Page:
Customer service & IT service management(ITSM) are use cases through which chatbots gained entry into the enterprise. Proactive personalized user engagement, consistency and ease of interaction, round-the-clock availability & timely address of issues have lent themselves to operational efficiency, cost effectiveness and enhanced user experience. Chatbots integrated into ITSM help streamline service, automate workflow management, reduce MTTR, and provide always-on services. They also make it easier to scale during peak usage times since they reduce the need for customers to speak with human staff, and the need to augment human resources to handle the extra load. ChatOps is the use of chatbots within a group collaboration tool where they run between the tool and the user’s applications and automate tasks like providing relevant data/reports, scheduling meetings, emailing, and ease the collaborative process between siloed teams and processes, like in a DevOps environment where they double up as the monitoring and diagnostic tool for the IT landscape.

In E-commerce, chatbots can boost sales by taking the customer through a linear shopping experience from item search through purchase. The bot can make purchase suggestions based on customer preferences gleaned from product search patterns and order history.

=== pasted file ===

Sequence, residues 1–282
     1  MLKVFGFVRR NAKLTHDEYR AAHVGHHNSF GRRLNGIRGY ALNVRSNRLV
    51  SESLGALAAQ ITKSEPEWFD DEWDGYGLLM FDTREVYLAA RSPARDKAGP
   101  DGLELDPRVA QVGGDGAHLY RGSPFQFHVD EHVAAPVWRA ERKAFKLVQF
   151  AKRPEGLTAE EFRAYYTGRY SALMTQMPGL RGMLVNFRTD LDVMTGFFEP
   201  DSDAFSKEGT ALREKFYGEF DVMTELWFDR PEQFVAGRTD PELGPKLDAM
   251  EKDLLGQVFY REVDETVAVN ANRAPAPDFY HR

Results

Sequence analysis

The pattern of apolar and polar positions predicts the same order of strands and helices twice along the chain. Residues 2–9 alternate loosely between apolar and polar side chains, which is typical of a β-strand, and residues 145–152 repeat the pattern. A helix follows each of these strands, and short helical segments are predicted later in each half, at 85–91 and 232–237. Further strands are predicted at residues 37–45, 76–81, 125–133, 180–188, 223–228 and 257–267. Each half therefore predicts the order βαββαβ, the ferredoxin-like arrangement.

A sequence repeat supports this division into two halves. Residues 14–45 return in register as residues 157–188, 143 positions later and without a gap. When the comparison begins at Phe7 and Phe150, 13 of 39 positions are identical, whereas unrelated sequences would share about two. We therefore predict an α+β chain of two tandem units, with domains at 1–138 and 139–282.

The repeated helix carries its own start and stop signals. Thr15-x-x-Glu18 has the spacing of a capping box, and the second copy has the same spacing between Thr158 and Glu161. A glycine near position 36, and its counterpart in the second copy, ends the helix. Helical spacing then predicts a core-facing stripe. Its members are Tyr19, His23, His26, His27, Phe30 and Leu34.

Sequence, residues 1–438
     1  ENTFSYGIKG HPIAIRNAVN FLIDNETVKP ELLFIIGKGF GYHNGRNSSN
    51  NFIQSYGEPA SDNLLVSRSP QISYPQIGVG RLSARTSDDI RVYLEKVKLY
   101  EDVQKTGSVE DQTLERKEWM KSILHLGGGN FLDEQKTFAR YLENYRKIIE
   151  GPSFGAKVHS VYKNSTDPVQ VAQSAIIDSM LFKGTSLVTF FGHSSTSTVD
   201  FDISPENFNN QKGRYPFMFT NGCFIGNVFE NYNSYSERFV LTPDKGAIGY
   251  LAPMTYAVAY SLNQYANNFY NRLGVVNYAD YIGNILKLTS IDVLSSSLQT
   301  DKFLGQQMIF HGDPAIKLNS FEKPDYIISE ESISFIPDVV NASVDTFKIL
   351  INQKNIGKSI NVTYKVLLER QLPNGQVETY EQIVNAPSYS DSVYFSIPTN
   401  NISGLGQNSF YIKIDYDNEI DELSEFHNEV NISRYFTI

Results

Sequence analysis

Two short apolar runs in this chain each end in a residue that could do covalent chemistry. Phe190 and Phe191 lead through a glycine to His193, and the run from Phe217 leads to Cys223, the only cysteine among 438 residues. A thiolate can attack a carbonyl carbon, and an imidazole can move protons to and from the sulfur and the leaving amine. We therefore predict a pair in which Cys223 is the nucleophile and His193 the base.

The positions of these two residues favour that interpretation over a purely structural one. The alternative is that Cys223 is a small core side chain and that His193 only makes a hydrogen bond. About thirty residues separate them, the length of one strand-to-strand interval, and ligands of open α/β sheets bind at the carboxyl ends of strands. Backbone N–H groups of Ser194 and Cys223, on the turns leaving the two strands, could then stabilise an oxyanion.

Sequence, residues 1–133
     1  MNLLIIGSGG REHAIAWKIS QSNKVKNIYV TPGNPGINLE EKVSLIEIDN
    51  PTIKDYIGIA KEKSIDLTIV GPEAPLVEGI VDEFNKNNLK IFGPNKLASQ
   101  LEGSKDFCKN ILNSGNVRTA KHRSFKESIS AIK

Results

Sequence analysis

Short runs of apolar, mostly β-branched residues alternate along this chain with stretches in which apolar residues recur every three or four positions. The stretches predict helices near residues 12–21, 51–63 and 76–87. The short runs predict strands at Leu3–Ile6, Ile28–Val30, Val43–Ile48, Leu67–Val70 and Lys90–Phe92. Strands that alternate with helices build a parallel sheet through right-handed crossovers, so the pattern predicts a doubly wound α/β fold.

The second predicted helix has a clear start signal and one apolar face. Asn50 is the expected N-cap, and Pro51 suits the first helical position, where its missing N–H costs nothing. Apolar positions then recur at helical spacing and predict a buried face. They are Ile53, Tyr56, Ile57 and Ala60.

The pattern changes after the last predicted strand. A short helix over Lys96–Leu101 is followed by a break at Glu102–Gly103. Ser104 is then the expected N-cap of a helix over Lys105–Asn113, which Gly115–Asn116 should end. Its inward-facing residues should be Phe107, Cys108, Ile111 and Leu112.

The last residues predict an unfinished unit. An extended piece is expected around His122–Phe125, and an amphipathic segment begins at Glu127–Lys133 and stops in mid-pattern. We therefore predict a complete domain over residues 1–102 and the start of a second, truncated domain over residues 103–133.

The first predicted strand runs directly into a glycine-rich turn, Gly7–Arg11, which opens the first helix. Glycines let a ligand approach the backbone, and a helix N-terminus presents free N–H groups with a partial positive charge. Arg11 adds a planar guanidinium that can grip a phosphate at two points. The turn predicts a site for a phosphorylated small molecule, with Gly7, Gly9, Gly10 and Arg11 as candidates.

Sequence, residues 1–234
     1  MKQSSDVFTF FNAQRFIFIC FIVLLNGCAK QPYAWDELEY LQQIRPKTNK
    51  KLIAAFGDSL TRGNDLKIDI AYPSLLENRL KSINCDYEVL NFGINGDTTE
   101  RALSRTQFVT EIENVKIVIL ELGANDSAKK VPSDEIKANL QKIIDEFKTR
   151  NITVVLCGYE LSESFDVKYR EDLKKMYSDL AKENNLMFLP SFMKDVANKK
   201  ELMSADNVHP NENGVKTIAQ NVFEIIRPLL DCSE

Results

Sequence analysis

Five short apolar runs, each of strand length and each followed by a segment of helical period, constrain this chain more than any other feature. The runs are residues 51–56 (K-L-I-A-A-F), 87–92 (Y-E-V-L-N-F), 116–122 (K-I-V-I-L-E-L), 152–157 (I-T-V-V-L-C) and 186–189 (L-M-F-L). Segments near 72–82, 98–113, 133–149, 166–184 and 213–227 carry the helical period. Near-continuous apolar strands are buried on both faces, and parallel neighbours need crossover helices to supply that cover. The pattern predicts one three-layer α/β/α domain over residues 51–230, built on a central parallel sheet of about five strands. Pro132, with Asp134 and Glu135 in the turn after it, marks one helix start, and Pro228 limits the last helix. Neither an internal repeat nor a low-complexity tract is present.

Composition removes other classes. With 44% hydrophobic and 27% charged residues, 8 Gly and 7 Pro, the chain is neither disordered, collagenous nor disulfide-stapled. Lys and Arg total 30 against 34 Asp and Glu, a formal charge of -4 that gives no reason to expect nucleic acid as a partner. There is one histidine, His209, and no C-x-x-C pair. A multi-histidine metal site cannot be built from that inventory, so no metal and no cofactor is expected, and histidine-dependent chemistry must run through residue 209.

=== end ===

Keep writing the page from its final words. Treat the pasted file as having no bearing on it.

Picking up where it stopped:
In Healthcare, they seamlessly connect healthcare providers, consumers and information and ease access to each other. These bot assistants come in different forms catering to specific needs like personal health coach, companion bot to provide the much-needed conversational support for patients with Alzheimer’s, confidant and therapist for those suffering from depression, symptom-checker to provide initial diagnosis based on symptoms and enable remote text or video consultation with a doctor as required and so on.

Analytics provide insights but often not fast enough for the CXO. Decision-making becomes quicker when executives can query a chatbot to get answers, rather than drilling through a dashboard. Imagine getting immediate responses to requests like Which region in the US has had the most sales during Thanksgiving? Send out a congratulatory note to the leadership in that region. Which region has had the poorest sales? Schedule a meeting with the team there. Email me other related reports of this region. As can be seen here, chatbots work in tandem with other enterprise tools like analytics tools, calendar and email to make such fascinating forays possible.